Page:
13. M. Troccoli, C. Gmachl, F. Capasso, D. L. Sivco, and A. Y. Cho, “Mid-infrared (λ~7.4µm) quantum cascade laser amplifier for high power single-mode emission and improved beam quality,” Appl. Phys. Lett. 80(22), 4103–4105 (2002). [CrossRef]

,14

14. S. Menzel, L. Diehl, C. Pflügl, A. Goyal, C. Wang, A. Sanchez, G. Turner, and F. Capasso, “Quantum cascade laser master-oscillator power-amplifier with 1.5 W output power at 300 K,” Opt. Express 19(17), 16229–16235 (2011). [CrossRef] [PubMed]

]. Very recently, the authors have demonstrated an array of MOPA QCLs operating at a series of wavelengths between 9.2 and 9.8 μm with single-mode peak powers between 0.8 and 3.9 W [15

15. P. Rauter, S. Menzel, A. K. Goyal, B. Gökden, C. A. Wang, A. Sanchez, G. Turner, and F. Capasso, “Master-oscillator power-amplifier quantum cascade laser array,” Appl. Phys. Lett. 101(26), 261117 (2012). [CrossRef]

]. In this work, we compare this first-generation MOPA array (called Array 1 in the following) to an array of MOPA QCLs featuring a DFB grating of a simplified design that will be called Array 2. A thorough experimental characterization of both arrays allows the comparison between the two design strategies, showing that a simple DFB grating approach proves superior to a counterpart based on a quarter-wave-shifted (QWS) DFB section in terms of single-mode output power. The MOPA array presented in this work (Array 2) features single-mode peak powers between 2.7 W and 10 W and excellent beam quality.

2. Material and fabrication

The material used for both Array 1 and Array 2 is a GaInAs/AlInAs broadband bound-to-continuum heterostructure [16

16. A. Wittmann, T. Gresch, E. Gini, L. Hvozdara, N. Hoyler, M. Giovannini, and J. Faist, “High-performance bound-to-continuum quantum-cascade laser for broad-gain applications,” IEEE J. Quantum Electron. 44(1), 36–40 (2008). [CrossRef]

] grown lattice-matched on a conducting InP substrate by organometallic vapor phase epitaxy (OMVPE). A 3.5-μm-thick, highly silicon-doped InP layer (n = 1 × 1017cm−3) is followed by a 0.52-μm-thick layer of GaInAs (n = 3 × 1016cm−3) and the active region composed of 35 periods of the following layer sequence (AlInAs barriers bold, GaInAs wells Roman, thickness in nm, underlined layers doped to n = 1.5 × 1017cm−3): 4.4/1.7/0.9/5.3/1.1/5.2/1.2/4.7/1.3/4.2/1.5/3.9/1.6/3.4/1.8/3.1/2.1/2.8/2.5/2.7/3.2/ 2.7/ 3.6/2.5. Following the growth of an additional injector sequence and 520 nm of GaInAs (n = 3 × 1016cm−3), the structure is completed by the upper waveguide cladding formed by3.5 μm of InP (n = 1 × 1017cm−3), the top contact layer composed of 0.5 μm of InP (n = 5 × 1018cm−3), and 20 nm of GaInAs (n = 1.8 × 1019cm−3).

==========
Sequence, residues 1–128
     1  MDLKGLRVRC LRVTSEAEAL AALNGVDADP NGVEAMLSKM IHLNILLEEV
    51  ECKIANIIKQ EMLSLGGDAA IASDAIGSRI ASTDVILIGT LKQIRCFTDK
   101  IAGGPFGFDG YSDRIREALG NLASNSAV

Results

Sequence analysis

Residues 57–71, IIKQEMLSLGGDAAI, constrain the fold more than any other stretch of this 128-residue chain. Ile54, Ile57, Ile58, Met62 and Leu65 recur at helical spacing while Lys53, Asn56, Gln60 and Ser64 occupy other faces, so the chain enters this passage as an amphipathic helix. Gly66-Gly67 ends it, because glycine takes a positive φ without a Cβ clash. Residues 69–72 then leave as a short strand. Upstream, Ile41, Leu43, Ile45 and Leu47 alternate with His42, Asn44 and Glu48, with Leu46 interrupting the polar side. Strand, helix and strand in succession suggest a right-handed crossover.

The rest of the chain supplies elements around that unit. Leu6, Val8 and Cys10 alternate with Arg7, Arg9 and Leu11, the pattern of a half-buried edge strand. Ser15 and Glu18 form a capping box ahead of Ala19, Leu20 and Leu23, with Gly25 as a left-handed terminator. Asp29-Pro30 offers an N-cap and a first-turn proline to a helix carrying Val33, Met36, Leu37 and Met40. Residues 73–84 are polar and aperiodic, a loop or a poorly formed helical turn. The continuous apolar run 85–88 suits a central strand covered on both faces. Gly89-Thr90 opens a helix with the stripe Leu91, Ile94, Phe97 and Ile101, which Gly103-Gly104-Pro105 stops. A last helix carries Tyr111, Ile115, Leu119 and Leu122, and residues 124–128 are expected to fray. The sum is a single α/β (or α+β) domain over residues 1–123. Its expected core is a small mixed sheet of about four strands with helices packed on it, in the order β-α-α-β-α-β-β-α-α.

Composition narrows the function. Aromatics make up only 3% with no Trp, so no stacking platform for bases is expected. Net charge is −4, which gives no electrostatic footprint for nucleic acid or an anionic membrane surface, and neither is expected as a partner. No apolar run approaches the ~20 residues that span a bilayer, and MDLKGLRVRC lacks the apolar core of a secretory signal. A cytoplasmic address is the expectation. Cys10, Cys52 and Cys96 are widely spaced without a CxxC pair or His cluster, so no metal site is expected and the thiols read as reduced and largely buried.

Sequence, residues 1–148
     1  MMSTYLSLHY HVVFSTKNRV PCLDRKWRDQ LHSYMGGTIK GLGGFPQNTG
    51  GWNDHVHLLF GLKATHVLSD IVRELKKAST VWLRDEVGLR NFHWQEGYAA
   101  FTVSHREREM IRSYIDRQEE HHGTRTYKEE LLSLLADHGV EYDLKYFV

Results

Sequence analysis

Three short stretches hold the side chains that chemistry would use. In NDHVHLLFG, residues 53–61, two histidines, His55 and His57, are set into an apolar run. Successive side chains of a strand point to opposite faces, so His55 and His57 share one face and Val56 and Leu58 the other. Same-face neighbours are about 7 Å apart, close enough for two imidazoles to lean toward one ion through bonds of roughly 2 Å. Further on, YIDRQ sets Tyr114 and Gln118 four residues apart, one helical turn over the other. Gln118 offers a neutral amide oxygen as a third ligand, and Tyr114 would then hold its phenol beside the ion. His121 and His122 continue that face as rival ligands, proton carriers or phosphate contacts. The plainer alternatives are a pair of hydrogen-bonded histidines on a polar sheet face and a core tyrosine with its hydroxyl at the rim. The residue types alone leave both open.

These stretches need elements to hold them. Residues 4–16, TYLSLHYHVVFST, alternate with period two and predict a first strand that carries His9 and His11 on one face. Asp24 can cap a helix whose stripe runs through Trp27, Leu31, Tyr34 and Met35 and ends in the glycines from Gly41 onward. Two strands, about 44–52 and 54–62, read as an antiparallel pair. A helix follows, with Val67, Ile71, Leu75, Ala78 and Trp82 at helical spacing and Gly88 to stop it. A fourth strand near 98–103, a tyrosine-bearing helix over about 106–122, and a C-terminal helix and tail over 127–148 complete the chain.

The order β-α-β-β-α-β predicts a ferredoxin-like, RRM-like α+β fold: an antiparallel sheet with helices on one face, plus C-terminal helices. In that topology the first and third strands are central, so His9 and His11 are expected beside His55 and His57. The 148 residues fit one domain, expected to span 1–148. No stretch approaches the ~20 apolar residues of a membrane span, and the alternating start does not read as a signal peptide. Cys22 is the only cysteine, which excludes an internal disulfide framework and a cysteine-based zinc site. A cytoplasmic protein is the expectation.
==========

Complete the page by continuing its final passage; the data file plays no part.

An array of sixteen QCL MOPA devices was fabricated. Each MOPA comprises two sections, a narrow DFB ridge acting as a master-oscillator (MO), and a tapered power-amplifier (PA). While the geometric layout and dimensions of both arrays described in this work are identical to that in reference [15

15. P. Rauter, S. Menzel, A. K. Goyal, B. Gökden, C. A. Wang, A. Sanchez, G. Turner, and F. Capasso, “Master-oscillator power-amplifier quantum cascade laser array,” Appl. Phys. Lett. 101(26), 261117 (2012). [CrossRef]

], the two arrays differ in their DFB grating design. Array 2 features a conventional first-order Bragg grating, while a QWS was introduced in the grating of Array 1. To fabricate DFB gratings, the top InP cladding layer was first removed by wet etching in a HCl:H2O (1:1) solution. The grating was then defined by electron-beam lithography and subsequent ion-etching into the exposed 520-nm-thick GaInAs layer with an etch depth of 250 nm. The DFB grating period was varied between 1.55 μm (device 1) and 1.44 μm (device 16) in order to achieve a different emission wavelength for each array element. After the DFB gratings were etched, the InP cladding and top-contact layer sequence were regrown using OMVPE. The device geometry was defined by reactive ion-etching of double trenches where 13 μm wide DFB ridges and an amplifier tapering half-angle of 1.3° were realized. A Ti/Au metallization was applied as a ridge top contact and 450-nm-thick SiN provides electrical insulation.

The MO and PA sections were separated electrically by a 100-μm-wide gap in the gold metallization. The MO and PA sections were each 2-mm-long and the output facet was 110-μm-wide. Anti-reflection (AR) coatings were applied to the latter allowing for strong optical amplification in single-pass travelling-wave configuration. The AR coating is composed of 842-nm-thick ZnS (refractive index of 2.2) and 1280-nm-thick YF3 (refractive index of 1.415). Adhesion between the layers is provided by 30 nm of Y2O3. The substrate was maintained at 175°C during e-beam evaporation of the coating. During the deposition of YF3, argon ion-assisted-deposition was used to increase the density of the film and to improve its mechanical stability under thermal cycling. The AR coating applied to the front facet of the PA increased the self-lasing threshold of the tapered section from about 4.2 A to 6.6 A in the case of an unpumped MO. Figures 1(a)